What is Attention Deficit Hyperactivity Disorder?
Attention Deficit Hyperactivity Disorder/Attention Deficit Disorder is a neurodevelopmental disorder that manifests in having difficulty paying attention, engaging in age-inappropriate excessive activity, acting without thinking about the consequences, and struggling with emotional regulation. The condition appears in patients before the age of twelve, persists for at least six months, and causes problems in at least two environmental settings, such as home and school (in other words, the condition is not environment-specific or related to trauma). The cluster of symptoms that characterises ADHD/ADD can lead to academic difficulties, and problems with focus at school or at work. While many children with ADHD/ADD no longer display symptoms on reaching adulthood, up to 50% of individuals have symptoms that persist into the adult years.
ADHD/ADD can have considerable implications for the person in question. However, with an accurate assessment and a tailored approach to treatment, the troubling symptoms of the condition can be managed and ameliorated. In children and in adults alike, it is vital to have an accurate diagnosis of ADHD/ADD so that parents, teachers, partners, and so forth can gain an understanding of the condition and act accordingly. With a clear diagnosis, it is possible to tailor learning strategies that have been developed to help people with ADHD/ADD, while institutions such as schools and colleges are required to make special provision for people with a diagnosis, such as extra time to complete exam papers, or specially tailored support during the learning process.
Our Approach to treating ADHD/ADD
At Private Therapy Clinic, we use a psychometric screening tool, such as the CAARS Conners Adult ADHD Rating Scale, in combination with a clinical interview that explores the patient’s interactions and behaviour in various areas of their life, including their personal life, their relationships with their family members and close friends, and their academic and work performance. By exploring these three crucial areas of life, our Psychologist acquires the information necessary to make a clear diagnosis.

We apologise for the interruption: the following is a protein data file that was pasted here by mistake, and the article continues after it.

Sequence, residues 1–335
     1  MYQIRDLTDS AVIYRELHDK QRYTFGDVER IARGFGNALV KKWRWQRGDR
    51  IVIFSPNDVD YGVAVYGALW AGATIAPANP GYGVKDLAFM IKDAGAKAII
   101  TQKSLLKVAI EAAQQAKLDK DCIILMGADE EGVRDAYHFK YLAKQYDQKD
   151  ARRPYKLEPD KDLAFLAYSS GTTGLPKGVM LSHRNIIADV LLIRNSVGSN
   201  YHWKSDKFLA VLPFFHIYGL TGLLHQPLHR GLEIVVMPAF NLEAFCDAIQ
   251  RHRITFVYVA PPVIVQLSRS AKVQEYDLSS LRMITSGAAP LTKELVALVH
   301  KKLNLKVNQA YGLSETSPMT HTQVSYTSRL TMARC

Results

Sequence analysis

Our detailed assessment has two essential elements: during the first contact, the adult or child in question, and their guardian or parent if relevant, is invited to discuss their concerns and worries with the Psychologist. Working together for a period of up to two hours, the Psychologist and client explore their family and personal history using a proven assessment tool.
In the case of children with suspected ADHD/ADD, their carer is also asked to arrange for a teacher or other professional at the school to fill out a detailed questionnaire and return it to our office. The material gathered in the questionnaire is further examined in the context of the information acquired during the first session.
While ADHD can often be treated effectively without medication, in some cases medication can help—often in the short term—to manage problem behaviours. In these cases, one of our Child or Adult Psychiatrists can provide a prescription.
Who can I speak to further about ADHD/ADD assessments in London?
If you would like to talk to someone about having can ADHD/ADD assessment in London, please get in touch with us at the Private Therapy Clinic by telephone at: 020 3887 1738 or book online.
For more information about ADHD, please visit our ADHD page.
Fees and Criteria
Our fee structure is as follows:
- Child ADHD assessments:
- With a Child Psychologist, including a report = £600
- With a Child Psychiatrist, including a report = £850
- Adult ADHD assessments
- with a Psychiatrist or a Psychologist, including a report = £650
In the case of child assessment, you will receive the results a week after the teacher’s form arrives back to our office.
Age range for assessment: 6-18 years old (please let us know if you wish to have a ADD/ADHD assessment outside this age range). Assessment for children from the age of six is carried out without the individual in question filling out the self-report form.
DuPaul, G. J., Power, T. J., Anastopoulos, A. D., & Reid, R. (1998). ADHD Rating Scale—IV: Checklists, norms, and clinical interpretation. New York, NY, US: Guilford Press.